4. Poetic Realism, 1934–1940
    5. Jean Renoir

    10 Orson Welles and the Modern Sound Film

    Citizen Kane

    1. Production
    2. Structure
    3. Influence

    Welles after Kane

    11 Wartime and Postwar Cinema: Italy and the United States, 1940–1951

    The Effects of War


    1. The Italian Cinema before Neorealism
    2. The Foundations of Neorealism
    3. Neorealism: Major Figures and Films
    4. The Decline of Neorealism
    5. The Impact of Neorealism

    The United States

    1. Hollywood at War
    2. The Postwar Boom

    Postwar Genres in the United States

    1. “Social Consciousness” Films and Semidocumentary Melodramas
    2. Film Noir
    3. The Witch-Hunt and the Blacklist
    4. The Arrival of Television

    12 Hollywood, 1952–1965

    The Conversion to Color

    Widescreen and 3-D

    1. Multiple-Camera/Projector Widescreen: Cinerama
    2. Depth: Stereoscopic 3-D
    3. The Anamorphic Widescreen Processes
    4. The Nonanamorphic, or Wide-Film, Widescreen Processes
    5. Adjusting to Widescreen
    6. The Widescreen “Blockbuster”
    7. American Directors in the Early Widescreen Age

    1950s Genres

    1. The Musical
    2. Comedy
    3. The Western
    4. The Gangster Film and the Anticommunist Film
    5. Science Fiction
    6. The “Small Film”: American Kammerspiel

    Independent Production and the Decline of the Studio System

    The Scrapping of the Production Code

    13 The French New Wave and Its Native Context

    The Occupation and Postwar Cinema

    1. Robert Bresson and Jacques Tati
    2. Max Ophüls

    Influence of the Fifties Documentary Movement and Independent Production

    Theory: Astruc, Basin, and Cahiers du Cinéma

    The New Wave: First Films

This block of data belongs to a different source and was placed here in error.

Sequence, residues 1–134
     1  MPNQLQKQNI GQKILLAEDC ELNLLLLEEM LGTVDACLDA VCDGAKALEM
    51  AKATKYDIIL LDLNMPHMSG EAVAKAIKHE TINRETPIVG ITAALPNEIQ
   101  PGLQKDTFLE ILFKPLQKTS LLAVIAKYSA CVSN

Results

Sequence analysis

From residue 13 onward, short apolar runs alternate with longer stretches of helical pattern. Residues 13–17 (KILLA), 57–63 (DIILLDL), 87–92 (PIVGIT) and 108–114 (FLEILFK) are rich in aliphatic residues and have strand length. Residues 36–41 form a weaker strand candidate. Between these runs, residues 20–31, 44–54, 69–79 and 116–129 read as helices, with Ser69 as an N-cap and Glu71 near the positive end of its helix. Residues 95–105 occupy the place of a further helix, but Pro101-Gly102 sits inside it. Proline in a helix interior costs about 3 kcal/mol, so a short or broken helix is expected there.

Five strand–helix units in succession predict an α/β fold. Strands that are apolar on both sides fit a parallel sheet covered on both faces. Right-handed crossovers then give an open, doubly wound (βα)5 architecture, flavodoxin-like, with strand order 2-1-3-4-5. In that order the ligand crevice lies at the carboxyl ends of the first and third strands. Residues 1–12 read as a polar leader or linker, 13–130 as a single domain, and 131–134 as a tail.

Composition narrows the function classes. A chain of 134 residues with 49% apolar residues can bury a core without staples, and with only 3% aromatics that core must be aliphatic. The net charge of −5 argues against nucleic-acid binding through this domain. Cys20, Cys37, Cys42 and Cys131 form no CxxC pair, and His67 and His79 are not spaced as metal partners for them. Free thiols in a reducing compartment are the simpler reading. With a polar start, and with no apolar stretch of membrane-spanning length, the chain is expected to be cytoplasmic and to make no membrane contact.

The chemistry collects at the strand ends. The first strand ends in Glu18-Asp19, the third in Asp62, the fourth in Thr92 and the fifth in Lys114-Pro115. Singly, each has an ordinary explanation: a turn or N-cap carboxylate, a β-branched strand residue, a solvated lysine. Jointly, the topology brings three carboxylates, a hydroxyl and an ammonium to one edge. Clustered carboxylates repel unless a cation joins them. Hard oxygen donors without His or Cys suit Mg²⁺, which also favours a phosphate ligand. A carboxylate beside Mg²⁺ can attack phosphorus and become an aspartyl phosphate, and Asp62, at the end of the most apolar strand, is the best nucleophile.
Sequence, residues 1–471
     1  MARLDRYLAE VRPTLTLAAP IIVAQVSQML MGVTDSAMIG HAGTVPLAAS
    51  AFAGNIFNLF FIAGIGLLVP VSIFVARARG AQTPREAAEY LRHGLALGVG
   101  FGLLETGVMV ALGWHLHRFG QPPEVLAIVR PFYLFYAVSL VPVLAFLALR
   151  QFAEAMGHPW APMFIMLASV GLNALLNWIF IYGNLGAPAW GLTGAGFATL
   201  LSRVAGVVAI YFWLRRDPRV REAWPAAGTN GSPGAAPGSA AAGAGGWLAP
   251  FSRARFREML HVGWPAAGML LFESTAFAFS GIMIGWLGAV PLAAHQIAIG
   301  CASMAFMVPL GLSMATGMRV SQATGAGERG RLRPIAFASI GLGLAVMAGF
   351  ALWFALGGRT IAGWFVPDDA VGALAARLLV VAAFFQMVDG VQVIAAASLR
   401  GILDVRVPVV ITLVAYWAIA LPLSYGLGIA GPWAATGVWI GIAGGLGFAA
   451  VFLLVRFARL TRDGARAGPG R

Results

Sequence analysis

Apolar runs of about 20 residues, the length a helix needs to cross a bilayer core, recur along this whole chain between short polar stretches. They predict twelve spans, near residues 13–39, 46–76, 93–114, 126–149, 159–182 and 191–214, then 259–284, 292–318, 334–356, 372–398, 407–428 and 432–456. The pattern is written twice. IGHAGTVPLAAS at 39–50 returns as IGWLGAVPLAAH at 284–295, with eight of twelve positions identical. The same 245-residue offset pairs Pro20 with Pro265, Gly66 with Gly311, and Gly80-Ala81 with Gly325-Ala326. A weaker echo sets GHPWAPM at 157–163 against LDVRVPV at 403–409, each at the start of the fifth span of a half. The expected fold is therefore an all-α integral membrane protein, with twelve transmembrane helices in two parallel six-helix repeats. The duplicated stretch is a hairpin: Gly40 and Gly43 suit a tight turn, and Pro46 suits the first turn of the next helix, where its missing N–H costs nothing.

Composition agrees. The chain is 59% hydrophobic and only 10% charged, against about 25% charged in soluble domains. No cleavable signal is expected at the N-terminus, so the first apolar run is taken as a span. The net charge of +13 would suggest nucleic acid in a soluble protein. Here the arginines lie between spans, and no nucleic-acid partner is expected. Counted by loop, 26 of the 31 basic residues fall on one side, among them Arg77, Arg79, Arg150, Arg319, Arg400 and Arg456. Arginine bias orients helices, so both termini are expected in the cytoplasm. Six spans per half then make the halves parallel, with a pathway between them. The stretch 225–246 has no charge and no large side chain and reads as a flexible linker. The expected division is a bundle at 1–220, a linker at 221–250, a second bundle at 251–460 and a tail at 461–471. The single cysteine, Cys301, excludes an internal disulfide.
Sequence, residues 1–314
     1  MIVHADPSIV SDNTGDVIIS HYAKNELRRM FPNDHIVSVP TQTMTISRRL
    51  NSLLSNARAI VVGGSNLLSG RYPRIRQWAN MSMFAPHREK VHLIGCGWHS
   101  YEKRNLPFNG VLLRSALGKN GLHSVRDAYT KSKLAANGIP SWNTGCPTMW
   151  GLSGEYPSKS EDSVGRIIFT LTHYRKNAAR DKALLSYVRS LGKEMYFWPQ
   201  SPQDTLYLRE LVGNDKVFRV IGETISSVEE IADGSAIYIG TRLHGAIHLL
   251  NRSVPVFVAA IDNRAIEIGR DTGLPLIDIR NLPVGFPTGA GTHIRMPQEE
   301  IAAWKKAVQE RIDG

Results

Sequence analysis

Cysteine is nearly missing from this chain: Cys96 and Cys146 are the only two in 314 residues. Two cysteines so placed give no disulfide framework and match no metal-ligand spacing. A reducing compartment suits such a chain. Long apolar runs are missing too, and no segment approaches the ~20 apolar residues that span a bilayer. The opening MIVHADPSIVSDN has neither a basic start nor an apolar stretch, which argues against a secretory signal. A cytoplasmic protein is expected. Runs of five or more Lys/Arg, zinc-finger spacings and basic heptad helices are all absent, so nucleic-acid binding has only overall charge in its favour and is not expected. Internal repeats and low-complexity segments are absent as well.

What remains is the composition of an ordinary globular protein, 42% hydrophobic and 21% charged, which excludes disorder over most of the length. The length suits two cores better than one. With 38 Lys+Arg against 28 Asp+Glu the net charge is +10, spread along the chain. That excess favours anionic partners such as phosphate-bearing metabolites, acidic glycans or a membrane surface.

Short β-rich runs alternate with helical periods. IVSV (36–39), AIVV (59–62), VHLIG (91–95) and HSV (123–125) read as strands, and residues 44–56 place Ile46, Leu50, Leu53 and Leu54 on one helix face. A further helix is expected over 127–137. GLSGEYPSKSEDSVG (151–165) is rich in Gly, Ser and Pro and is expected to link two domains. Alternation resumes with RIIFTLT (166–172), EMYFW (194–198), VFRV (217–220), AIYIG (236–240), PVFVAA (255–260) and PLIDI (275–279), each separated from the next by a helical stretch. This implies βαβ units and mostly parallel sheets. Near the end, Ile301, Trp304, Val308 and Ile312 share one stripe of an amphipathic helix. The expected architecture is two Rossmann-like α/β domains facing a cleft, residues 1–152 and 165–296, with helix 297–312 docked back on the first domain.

The New Wave: Origins of Style

    Major New Wave Figures

    1. François Truffaut
    2. Jean-Luc Goddard
    3. Alain Resnais
    4. Claude Chabrol
    5. Louis Malle
    6. Eric Rohmer and Jacques Rivette
    7. Agnès Varda, Jacques Demy, and Others

    After the Wave

    French Cinema in the 1980s and 1990s

    The Significance of the New Wave

    14 New Cinemas in Britain and the English-Speaking Commonwealth

    Great Britain

    1. Postwar British Cinema and Its Context
    2. The Free Cinema Movement
    3. British “New Cinema,” or Social Realism
    4. The End of Social Realism and Beyond

    Australia and New Zealand

    1. Australia
    2. New Zealand


    15 European Renaissance: West

    The Second Italian Film Renaissance

    1. Federico Fellini
    2. Michelangelo Antonioni
    3. Olmi, Pasolini, and Bertolucci
    4. Other Italian Auteurs
    5. The Italian Exploitation Film

    Contemporary Widescreen Technologies and Styles

    Scandinavian or Nordic Cinema

    1. Ingmar Bergman
    2. Swedish Cinema
    3. Finland
    4. Denmark and Dogme95
    5. Norway and Iceland


    1. Luis Bunùel
    2. New Spanish Cinema

    Germany: Das neue Kino

    1. Postwar Origins
    2. Young German Cinema
    3. The New German Cinema
    4. Volker Schlondorff, Alexander Kluge, and Margarethe von Trotta

    International Stature: Fassbinder, Herzog, Wenders, and Others

    1. Rainer Werner Fassbinder
    2. Werner Herzog
    3. Wim Wenders
    4. Hans Jürgen Syberberg and Others
    5. Jean-Marie Straub and Marxist Aesthetics